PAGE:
Fertiliser use, which falls under the purview of the ministry of agrarian services and wildlife, is more closely monitored, unlike the wrecked agricultural extension system that monitors pesticide use. Farmers are required to report the crops and acreage they plan to sow to cultivation committees that in turn determine how much fertiliser to distribute locally through 557 agrarian service centres across the country.
Given the yawning gap between its subsidised and commercial price, there is a flourishing informal market for fertiliser. “Fertiliser subsidies are only meant for paddy farmers; however they often misrepresent their acreage and illegally sell the surplus to vegetable growers,” admits Ranjan Dharmawardena, director of the National Fertilizer Secretariat in Colombo.
At one point of time, says Bandara, Sri Lanka’s agricultural extension and agrarian services system was the envy of the world. Moving agrarian services under the toothless Provincial Government’s portfolio is an administrative blunder that must be corrected, he says. Provincial Councils are autonomous, almost parallel, tier of governance that do not report to any ministry and derive their authority directly from the Constitution and Parliament.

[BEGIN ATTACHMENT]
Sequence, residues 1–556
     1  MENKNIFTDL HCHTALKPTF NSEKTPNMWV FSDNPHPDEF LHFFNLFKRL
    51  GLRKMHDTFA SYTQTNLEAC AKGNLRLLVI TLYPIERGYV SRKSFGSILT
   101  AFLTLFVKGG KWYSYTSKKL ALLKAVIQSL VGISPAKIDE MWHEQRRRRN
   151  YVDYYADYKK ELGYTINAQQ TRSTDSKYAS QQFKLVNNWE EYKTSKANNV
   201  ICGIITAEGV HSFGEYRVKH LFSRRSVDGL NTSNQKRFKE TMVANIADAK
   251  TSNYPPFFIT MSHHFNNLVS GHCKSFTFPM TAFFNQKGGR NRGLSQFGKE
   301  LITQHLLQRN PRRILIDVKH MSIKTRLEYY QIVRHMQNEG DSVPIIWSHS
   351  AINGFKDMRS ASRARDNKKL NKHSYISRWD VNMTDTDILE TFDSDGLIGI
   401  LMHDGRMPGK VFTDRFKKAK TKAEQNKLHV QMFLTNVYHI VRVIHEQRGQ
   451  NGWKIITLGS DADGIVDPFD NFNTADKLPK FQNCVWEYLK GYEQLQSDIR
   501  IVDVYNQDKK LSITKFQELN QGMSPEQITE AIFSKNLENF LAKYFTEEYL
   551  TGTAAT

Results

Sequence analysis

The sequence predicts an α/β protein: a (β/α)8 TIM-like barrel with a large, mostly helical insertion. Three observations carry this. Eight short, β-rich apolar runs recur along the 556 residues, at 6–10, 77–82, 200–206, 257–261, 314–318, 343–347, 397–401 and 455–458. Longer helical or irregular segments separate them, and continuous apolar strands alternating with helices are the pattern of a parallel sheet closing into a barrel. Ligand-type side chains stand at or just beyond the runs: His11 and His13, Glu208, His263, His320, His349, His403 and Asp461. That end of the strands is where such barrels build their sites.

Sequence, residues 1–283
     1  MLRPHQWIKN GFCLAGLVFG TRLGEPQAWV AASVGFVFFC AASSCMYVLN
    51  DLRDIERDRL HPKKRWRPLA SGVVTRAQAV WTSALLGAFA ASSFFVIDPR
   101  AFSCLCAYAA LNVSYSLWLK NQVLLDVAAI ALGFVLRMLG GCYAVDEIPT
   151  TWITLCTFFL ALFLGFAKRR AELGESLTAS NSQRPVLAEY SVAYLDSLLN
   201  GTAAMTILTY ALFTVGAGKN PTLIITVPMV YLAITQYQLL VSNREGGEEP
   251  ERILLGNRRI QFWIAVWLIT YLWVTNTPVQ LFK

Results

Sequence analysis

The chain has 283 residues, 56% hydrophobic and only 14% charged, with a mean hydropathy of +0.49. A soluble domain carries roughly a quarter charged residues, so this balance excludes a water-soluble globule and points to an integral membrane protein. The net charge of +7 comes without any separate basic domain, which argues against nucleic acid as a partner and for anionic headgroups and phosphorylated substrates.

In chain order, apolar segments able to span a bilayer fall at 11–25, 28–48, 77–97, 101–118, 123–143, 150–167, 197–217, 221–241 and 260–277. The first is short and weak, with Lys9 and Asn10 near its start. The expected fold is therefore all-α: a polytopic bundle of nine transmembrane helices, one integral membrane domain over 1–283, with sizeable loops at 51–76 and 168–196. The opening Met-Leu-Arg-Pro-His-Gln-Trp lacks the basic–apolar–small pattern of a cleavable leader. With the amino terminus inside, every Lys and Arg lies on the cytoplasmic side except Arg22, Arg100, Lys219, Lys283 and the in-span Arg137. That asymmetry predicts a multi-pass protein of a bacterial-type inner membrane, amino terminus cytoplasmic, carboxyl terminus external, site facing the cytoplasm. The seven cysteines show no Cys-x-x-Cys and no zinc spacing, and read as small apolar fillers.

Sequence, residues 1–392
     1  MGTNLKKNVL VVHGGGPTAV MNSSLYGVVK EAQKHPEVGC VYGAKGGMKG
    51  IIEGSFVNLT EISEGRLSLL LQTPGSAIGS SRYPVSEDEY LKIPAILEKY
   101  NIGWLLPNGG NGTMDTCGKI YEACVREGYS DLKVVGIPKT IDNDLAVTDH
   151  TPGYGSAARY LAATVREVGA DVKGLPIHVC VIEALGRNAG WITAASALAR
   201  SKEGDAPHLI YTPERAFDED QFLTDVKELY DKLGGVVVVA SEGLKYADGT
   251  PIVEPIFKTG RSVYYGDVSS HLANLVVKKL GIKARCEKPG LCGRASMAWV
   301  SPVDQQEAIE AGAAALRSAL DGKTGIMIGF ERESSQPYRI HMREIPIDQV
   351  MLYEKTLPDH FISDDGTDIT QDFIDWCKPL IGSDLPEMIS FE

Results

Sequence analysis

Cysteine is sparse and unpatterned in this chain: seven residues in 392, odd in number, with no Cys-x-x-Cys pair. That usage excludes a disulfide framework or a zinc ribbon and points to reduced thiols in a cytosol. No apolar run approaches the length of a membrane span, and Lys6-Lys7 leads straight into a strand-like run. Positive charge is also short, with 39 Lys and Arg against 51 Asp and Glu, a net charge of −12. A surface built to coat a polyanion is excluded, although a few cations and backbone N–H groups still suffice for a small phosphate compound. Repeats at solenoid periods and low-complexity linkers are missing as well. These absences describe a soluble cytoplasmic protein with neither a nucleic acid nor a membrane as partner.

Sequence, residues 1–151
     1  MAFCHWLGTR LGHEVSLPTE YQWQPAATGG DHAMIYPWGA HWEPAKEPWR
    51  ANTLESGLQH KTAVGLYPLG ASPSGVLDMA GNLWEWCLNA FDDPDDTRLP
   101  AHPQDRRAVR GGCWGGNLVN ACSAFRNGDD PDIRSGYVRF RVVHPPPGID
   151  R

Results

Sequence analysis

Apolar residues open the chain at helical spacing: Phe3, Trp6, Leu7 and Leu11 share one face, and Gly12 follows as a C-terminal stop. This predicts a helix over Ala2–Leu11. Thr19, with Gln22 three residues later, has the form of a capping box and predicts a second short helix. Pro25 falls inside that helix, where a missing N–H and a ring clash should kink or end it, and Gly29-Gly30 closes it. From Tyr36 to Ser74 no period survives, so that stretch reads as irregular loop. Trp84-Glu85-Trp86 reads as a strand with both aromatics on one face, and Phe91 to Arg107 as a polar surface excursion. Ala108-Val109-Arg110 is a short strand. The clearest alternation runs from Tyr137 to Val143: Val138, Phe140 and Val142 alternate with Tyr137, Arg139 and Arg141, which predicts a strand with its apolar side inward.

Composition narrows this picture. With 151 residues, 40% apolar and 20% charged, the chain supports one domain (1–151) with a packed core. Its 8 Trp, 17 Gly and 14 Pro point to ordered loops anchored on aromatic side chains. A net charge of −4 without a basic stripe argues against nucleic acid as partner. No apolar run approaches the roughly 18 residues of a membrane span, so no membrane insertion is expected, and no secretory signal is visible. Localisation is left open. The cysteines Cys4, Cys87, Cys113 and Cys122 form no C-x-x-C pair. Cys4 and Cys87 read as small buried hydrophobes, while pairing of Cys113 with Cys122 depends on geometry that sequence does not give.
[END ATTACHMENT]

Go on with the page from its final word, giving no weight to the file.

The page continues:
Meanwhile, agro-chemical use is only set to grow with rising food prices. The price of rice has gone up 200 per cent over 2007-08 prices. Vegetable prices have skyrocketed, with reports suggesting the army has plans to directly sell vegetables at fixed prices. The recent floods that wiped out about one million hectare of cropland have compounded the situation. For now at least, the country’s dependence on agrochemicals and its worries over resulting diseases are here to stay.